For the purposes of scouting for the NFL, whether a player makes an all-conference team or not is less important than how I personally grade a player off tape, how a player performs in an all-star game, and many other factors.

It is, however, a tool that scouts can and often do use to ascertain which players rival coaches feel are legitimate difference-makers.

This is especially true in the SEC. The reasons are simple. There is a great deal of individual talent in the conference and a high number of the elite talent leaves early for the NFL as underclassmen, often creating quite a turnover on the all-conference list.

The SEC announced their official Coaches Preseason First, Second and Third all-conference lists this week. There were some surprises.

Here were the five that raised my eyebrow...
  1. Alabama cornerback 'Dre Kirkpatrick, a Second Team All-SEC pick last year, only made the Third Team preseason polling this summer. Kirkpatrick, entering his junior season, is considered a potential elite prospect for the NFL and is currently NFLDraftScout.com's top-rated CB for the class of 2013.
  2. True sophomore Aaron Murray from Georgia was named the First-Team quarterback. This is a reflection of two things. For one, Murray flashed some serious talent last year and looks like he could be the next big thing at the position from this conference. Secondly, he has little proven competition. 
  3. Some will find it interesting that defending national champion Auburn and perennial talent hotbed Florida had zero 1st team selections. LSU, another annual contributor to the NFL, had only one player (junior CB Morris Claiborne) make the team. Quite frankly, after reviewing tape this summer of these three teams, I'm not surprised. While the schemes that have made each of these teams successful in recent years remain intact, the plethora of elite talent that had resulted in recent national championships simply isn't there... or at least hasn't proven itself yet.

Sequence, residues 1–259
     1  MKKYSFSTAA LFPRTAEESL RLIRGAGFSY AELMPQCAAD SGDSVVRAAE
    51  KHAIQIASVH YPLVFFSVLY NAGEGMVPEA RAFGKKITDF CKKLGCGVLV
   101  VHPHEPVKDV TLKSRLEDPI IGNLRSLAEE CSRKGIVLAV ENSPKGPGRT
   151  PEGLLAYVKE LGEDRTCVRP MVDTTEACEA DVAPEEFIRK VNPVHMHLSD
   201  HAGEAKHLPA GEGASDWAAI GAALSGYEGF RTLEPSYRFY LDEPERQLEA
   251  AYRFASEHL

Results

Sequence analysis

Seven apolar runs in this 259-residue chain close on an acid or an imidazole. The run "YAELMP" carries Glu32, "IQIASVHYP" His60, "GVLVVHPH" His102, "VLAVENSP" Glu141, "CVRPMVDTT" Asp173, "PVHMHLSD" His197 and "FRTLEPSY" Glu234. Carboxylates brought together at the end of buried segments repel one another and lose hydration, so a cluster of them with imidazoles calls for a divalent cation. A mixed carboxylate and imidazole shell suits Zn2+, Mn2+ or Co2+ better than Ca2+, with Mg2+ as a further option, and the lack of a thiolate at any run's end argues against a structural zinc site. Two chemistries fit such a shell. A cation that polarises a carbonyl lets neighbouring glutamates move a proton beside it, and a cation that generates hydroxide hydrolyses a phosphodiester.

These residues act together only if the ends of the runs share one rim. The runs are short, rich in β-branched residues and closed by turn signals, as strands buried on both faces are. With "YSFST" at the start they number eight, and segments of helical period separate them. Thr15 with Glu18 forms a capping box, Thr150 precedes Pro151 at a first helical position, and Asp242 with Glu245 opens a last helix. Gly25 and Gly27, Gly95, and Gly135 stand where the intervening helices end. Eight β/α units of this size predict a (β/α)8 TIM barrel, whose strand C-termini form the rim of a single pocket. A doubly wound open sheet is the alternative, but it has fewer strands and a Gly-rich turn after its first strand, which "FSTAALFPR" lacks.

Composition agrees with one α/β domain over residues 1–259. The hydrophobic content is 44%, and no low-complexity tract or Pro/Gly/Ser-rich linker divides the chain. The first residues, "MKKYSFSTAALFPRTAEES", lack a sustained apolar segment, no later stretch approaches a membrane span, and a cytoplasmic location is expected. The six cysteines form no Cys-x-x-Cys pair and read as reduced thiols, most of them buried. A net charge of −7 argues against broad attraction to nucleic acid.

4. Don't look now but Steve Spurrier's South Carolina Gamecocks are loaded. They boast four first-team All-SEC picks in running back Marcus Lattimore, wide receiver Alshon Jeffery, defensive end Devin Taylor and cornerback Stephon Gilmore. None of whom are seniors. Each looks like a potential high round NFL prospect.
  5. The talent at running back in this conference is staggering. Typically, all-conference teams feature two running backs per team. There must have been a tie among voters, however, as the SEC lists three running backs for the Second-Team (only two for the First and Third teams, respectively). Hard to blame the coaches when you take into consideration the three backs that made the Second Team are Arkansas' Knile Davis, Florida's Jeff Demps and Auburn's Michael Dyer. Each of those who be a shoo-in for First-Team honors in most other conferences, though I agree with the coaches that South Carolina's Lattimore and Alabama's Trent Richardson deserve top-billing.